Dozens of employees of the Warren County Department of Social Services are better able to handle physical strife thanks to some martial arts training they recently received.
Warren County Sheriff Bud York had offered training to employees for the department after a caseworker was confronted by a man with a gun in Johnsburg last year.
Thirty-seven employees went through a one-day session last month with Queensbury black belt and retired police officer Larry Waimon.
“It was very well-received,” Waimon said. “They are dealing with danger all the time.”
Waimon and his students also provided training for the Warren County Probation Department several years ago.
— Don Lehman
In the spotlight
LARAC helped two high school seniors land a pretty big gig — sets at the New York Women’s Expo at Siena College.
Kirsti Blow, 17, of Glens Falls, and Alicia Bautista, 17, of Queensbury, will perform at the two-day event Feb. 28 and March 1 at Siena College.
Both young women performed at a LARAC event, where they met Suzette Anthony, one of the expo’s organizers, through LARAC’s community outreach coordinator, Candice Frye.
Blow — the daughter of Post-Star columnist David Blow — will perform from 10 to 11:15 a.m., 1 to 2 p.m. and 5 to 6 p.m. Saturday, Feb. 28, and 10 to 11 a.m. and noon to 2 p.m. Sunday, March 1.
She is a singer-songwriter who performs original songs and a mix of covers. She said she is excited by the opportunity. “It’s a cool thing,” she said. “It’s good experience.”
Bautista, a singer-songwriter who plays a mix of alternative rock and pop, takes the stage from 3 to 4:30 p.m. Feb. 28 — immediately after rock band Lifehouse, a group known for “Hanging by a Moment,” “You and Me” and “Whatever it Takes,” all Top 40 hits.
“I love Lifehouse so much, so I really hope I get to meet them,” Bautista said. “This is probably the biggest highlight of my career so far.”
Both young women perform regularly at area open mic nights and perform local gigs.
— Rhonda Triller
At Monday’s Lake George Village Board meeting, Trustee John Root floated the idea of banning single-use plastic bags in the village, but in the end pitched the idea to the recycling bin.
With a lukewarm response from fellow village lawmakers, Root said he’d rethink it and possibly reach out to Price Chopper to see if the grocery store chain would participate in discouraging plastic bags.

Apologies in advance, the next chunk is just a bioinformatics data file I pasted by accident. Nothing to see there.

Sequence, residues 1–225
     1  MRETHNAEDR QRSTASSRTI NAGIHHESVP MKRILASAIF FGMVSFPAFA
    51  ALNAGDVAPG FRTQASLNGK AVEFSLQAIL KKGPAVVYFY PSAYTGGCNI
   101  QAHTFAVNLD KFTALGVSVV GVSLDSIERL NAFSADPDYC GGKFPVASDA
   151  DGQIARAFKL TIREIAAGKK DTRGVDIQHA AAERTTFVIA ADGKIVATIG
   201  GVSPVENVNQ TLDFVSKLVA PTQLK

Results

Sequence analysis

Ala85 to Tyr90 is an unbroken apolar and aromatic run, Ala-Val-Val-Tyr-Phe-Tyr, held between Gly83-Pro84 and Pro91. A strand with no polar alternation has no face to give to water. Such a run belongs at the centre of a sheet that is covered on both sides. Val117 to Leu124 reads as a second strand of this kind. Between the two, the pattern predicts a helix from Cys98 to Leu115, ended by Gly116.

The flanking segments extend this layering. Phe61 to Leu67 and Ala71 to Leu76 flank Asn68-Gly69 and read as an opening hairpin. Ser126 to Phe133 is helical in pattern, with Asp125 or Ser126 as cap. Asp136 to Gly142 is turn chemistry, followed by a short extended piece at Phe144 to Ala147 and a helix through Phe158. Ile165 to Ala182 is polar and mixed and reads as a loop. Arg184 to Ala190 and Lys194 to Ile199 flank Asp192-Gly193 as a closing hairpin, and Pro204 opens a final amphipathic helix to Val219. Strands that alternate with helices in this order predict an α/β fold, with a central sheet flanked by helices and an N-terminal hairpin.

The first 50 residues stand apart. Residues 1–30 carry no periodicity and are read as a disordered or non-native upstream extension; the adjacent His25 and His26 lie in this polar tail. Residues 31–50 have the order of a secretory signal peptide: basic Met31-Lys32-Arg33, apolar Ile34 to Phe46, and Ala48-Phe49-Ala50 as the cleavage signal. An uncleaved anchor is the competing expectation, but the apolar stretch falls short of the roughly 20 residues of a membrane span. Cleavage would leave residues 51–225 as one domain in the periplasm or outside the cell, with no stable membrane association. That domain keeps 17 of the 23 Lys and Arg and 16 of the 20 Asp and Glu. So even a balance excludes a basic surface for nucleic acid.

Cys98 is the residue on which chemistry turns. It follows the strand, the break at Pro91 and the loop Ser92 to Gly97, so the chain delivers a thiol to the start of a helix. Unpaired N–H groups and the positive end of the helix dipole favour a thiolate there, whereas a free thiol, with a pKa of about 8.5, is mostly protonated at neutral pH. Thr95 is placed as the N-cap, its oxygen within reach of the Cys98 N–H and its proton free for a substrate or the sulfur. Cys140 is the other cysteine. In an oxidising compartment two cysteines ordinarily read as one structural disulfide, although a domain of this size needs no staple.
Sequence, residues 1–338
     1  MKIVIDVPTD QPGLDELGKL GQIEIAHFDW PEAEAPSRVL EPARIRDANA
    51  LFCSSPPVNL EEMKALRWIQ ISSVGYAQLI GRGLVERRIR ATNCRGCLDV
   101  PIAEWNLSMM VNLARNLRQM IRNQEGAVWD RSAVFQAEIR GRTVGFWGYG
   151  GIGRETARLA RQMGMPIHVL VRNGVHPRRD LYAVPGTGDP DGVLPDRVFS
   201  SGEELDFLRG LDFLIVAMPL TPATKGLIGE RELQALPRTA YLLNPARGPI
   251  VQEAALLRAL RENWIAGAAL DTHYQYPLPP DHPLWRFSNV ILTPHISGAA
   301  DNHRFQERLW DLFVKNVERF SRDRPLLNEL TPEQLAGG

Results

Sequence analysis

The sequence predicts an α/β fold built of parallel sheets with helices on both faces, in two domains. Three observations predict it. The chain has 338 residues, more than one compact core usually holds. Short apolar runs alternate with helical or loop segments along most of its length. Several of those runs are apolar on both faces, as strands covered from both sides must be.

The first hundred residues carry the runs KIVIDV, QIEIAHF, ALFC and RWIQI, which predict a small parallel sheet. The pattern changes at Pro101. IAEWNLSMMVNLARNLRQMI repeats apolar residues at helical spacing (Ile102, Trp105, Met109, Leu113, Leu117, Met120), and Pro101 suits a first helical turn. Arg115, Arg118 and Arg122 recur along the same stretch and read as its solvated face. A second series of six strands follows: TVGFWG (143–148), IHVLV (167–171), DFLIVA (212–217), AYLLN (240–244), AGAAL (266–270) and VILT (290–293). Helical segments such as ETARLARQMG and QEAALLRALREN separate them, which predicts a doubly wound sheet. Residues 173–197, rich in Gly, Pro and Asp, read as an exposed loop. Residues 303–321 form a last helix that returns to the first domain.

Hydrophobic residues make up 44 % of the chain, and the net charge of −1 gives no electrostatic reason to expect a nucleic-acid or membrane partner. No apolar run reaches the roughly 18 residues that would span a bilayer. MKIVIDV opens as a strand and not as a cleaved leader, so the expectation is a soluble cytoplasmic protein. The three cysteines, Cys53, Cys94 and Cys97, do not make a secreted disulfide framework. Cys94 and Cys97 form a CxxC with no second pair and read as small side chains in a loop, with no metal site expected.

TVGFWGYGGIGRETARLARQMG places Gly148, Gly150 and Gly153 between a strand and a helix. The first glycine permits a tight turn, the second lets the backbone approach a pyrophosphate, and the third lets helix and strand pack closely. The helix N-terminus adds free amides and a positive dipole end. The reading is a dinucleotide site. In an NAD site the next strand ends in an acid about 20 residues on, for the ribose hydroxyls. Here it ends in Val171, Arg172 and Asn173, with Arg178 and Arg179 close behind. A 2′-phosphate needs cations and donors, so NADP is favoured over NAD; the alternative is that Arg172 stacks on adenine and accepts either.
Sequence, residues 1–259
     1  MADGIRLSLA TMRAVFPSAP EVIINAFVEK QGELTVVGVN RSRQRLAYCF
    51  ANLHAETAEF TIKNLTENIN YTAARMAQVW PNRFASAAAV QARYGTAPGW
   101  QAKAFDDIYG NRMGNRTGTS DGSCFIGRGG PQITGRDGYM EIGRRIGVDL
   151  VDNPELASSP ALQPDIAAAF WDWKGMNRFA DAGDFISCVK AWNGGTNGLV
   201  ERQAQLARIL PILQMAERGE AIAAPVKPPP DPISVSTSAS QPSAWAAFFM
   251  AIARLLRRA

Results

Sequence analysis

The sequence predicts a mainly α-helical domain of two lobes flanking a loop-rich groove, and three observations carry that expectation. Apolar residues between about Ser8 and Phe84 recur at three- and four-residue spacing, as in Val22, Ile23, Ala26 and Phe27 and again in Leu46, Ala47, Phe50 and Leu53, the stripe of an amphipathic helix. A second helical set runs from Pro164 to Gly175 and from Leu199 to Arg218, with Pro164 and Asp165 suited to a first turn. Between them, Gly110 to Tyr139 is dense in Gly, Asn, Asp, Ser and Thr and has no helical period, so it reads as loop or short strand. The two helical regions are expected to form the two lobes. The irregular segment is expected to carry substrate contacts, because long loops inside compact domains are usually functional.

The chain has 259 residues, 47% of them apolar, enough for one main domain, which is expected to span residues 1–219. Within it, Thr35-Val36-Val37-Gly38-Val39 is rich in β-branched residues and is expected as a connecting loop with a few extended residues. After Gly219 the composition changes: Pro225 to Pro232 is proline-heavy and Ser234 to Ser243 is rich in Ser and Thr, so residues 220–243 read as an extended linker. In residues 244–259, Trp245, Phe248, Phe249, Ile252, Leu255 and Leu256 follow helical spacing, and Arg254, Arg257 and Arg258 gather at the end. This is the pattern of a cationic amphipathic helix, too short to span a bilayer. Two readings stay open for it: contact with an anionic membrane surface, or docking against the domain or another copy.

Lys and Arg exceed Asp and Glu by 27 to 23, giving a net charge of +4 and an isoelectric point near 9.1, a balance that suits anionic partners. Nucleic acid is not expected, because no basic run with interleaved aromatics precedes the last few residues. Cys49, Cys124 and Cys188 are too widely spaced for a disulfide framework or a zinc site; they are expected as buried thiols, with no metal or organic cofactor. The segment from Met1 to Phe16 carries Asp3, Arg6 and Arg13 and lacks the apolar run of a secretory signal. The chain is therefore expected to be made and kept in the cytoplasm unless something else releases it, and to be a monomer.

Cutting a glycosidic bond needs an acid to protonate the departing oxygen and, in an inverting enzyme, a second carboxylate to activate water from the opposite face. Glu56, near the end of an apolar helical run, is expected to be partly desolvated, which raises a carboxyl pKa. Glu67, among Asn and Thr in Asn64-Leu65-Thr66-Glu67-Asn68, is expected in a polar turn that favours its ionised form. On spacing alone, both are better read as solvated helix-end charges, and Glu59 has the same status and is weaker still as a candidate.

Price Chopper is supporting a proposed Saratoga Springs ban and gives shoppers at all of its stores a 3-cent rebate for each bag they reuse at a shopping trip.
Root said he watched a Saratoga Springs City Council meeting on TV (to which someone asked if he lost his remote) and the nonprofit Sustainable Saratoga was pushing the city to pass a measure to ban thin-film bags customers are given to tote their purchases.
It wouldn’t be the first municipality to pass such an ordinance. If you want a plastic bag to carry your purchase out in Washington, D.C., you’re charged a 5-cent fee. In fact, California has a statewide ban set to go into effect.
New York state lawmakers have sponsored such legislation, but it has not passed. Root said maybe the reusable shopping bags could double as a “save the lake” initiative.
In 2011, the village of Lake George Go Green Committee tried to promote green reusable shopping totes, but officials said they did not catch on.
The other Village Board members thought going so far as a plastic bag ban that required vacationers to carry their own reusable bags with them when they went shopping in the village was far-fetched, and that such bans or fees for bags were more applicable when it comes to grocery shopping. Reusable bags or paper bags would be the alternative.
Some shops in Lake George already use paper bags.
Trustee Ray Perry suggested the village could discourage the use of plastic bags instead of banning them.
“You could write them all a letter and ask them not to, and they’d probably take the letter and put it in a plastic bag and send it back,” Mayor Robert Blais joked.
— Amanda May Metzger
Headed to the worlds
For the third year in a row, Granville High School’s VEX Robotics team will be headed to the world competition.
The team, named “Kaizen” and made up of Josh Sumner, Gabrielle Hilder, Matt Bixby and Adam Browe, won the “Excellence Award” at the Northern New York VEX Robotics Championship Feb. 7 in Syracuse.
A total of 40 teams competed and all had won in a qualifying event.
Seven teams from New York, four from the northern area and three from the southern region, will take part in the world competition in April in Louisville, Kentucky.
The four-day event draws 450 teams. Worldwide competition include 10,000 teams.
The team is seeking donations for the trip. They can be sent to Granville Central School, Business Office, Granville, NY, 12832, with a note indicating “Vex Robotics.”
— Bill Toscano